As I wrote above, almost all of my real effort for the 30 Day Health Reboot Challenge was stationary bike cycling. I did almost all those runs on a Peloton, which has clip pedals. That means that hypothetically the workout have both pulling and pushing force motion unlike if one were to just ride the bike with regular pedals. If I look at the muscle usage diagram Peloton provides you can see that hypothetically both the front of my legs and the back of my legs, glutes, etc. are getting a good workout. Having had fatigue all over my legs as I ramped up exercising I can tell you this diagram isn’t completely wrong. The recovery I felt from this run however shows that this cycling training is far from uniform like this.

Peloton body activity diagram showing subsantial activation of muscles throughout the legs, glutes, and other areas

In the past when I’d push myself running wise like I have I would often get excess fatigue and delayed onset muscle soreness(DOMS) in my quadriceps (quads), hamstrings, calves, and more recently my glutes as well. When pushed really hard like this often the DOMS is so severe that I actually have range of motion issues, which I jokingly refer to as rigor mortis. I did have DOMS from this run to that level again. However unlike in previous years I only felt that in my quads. All of the rear muscle groups: calves, hamstrings, glutes, etc. had none of that. Even as I write this a few days later I still have some tenderness in my quads meanwhile none developed elsewhere.

Along with the DOMS in the quads I did have some tightness in my lower back the next morning as well. In recent years even after being pretty decently into training my lower back would often tighten up substantially after runs. The level of tightness from this intense run was not as bad as I had after some much easier training runs further into race training. I also had some tightness in my middle-to-front part of my hips when I woke up the next morning too. That was gone after moving around a bit and never resurfaced again.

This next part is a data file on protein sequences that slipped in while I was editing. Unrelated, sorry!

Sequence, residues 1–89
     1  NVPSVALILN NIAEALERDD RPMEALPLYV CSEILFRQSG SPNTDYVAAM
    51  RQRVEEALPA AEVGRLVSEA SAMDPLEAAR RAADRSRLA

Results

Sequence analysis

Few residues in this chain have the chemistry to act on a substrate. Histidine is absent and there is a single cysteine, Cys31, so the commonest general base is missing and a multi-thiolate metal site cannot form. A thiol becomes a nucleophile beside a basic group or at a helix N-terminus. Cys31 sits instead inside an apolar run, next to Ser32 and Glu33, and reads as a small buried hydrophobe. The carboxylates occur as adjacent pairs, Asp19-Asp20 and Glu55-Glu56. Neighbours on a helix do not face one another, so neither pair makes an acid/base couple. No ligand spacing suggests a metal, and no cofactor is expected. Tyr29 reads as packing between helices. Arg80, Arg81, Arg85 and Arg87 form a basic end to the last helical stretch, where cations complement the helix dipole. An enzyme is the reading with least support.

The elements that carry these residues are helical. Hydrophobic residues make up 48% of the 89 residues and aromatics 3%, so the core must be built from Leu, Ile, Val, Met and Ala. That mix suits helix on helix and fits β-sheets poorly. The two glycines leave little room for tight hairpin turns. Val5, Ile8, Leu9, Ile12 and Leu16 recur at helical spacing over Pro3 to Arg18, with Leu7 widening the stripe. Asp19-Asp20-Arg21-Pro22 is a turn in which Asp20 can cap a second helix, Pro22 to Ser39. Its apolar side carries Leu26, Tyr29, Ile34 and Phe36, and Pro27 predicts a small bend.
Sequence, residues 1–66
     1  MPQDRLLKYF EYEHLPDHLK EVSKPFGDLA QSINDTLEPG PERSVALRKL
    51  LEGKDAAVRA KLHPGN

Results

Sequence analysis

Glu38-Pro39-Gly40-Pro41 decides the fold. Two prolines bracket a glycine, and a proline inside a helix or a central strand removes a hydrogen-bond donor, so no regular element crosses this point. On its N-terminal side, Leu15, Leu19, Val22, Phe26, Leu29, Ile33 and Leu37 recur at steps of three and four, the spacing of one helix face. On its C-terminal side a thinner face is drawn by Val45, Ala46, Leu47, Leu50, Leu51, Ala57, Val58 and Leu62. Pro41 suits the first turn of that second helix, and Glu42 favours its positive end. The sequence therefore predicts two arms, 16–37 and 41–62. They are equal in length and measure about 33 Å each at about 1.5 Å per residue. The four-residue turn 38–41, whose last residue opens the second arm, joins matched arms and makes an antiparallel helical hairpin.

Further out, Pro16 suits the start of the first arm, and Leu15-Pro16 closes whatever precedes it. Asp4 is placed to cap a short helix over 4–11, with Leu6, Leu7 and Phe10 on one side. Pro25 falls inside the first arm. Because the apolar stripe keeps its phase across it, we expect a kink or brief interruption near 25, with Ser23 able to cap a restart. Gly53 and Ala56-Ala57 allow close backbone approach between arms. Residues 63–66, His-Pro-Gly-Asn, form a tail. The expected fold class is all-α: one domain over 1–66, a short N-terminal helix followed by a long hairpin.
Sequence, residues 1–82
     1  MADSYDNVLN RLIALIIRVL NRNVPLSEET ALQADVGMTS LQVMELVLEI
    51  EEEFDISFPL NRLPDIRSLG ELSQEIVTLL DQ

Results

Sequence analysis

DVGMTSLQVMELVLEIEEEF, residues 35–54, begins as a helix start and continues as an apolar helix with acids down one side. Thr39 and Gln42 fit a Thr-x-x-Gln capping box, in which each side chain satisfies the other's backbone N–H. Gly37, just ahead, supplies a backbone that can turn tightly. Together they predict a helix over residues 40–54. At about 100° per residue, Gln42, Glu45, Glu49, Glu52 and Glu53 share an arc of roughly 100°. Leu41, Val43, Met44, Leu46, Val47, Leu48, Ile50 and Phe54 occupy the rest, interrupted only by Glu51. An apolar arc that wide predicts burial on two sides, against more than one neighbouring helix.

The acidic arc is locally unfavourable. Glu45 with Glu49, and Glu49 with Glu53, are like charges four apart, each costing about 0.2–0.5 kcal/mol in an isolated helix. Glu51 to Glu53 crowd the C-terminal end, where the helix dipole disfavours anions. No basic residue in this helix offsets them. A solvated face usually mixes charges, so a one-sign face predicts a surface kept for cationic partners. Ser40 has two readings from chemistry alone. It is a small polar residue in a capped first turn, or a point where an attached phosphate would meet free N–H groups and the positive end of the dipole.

My interpretation of all of the above is that the cycling training is doing an incredible job of conditioning my calves, hamstrings, glutes. To a lesser extent it is conditioning my lower back and my quads as well. However those muscles and others really need additional stimulation to be properly cross-trained.

I already intended to ramp up the calisthenics/yoga part of my Goal #4 requirements for the next month. Because I really want to get into running more I am instead going to be replacing that not with just more structured yoga and calisthenics, like I originally intended, but with a four week full body weight program program that Peloton has called “The Stronger You”. I already did the assessment for that today which totally kicked my butt. With these I hope to really help get better run training.

Along with the extra weight training I am still going to keep up with the stretching and some yoga in order to keep everything moving smoothly. That will probably punch up my total daily training up to 30-45 minutes on days that there is weight training (there are only four training days per week). I also intend to do running once a week but going back to more of a cardiovascular Zone 3/4 type run with run/walk intervals as needed.

My objective with this plan is to start being able to ramp up the running but in a way that doesn’t cannibalize the more important full body training I’m getting from the cycling and other exercises. I’ll continue this through the end of June and then do a re-assessment at that point. If all goes well I’d love to eye replacing some cycling days for running days and pick a 10K to start getting momentum for races building.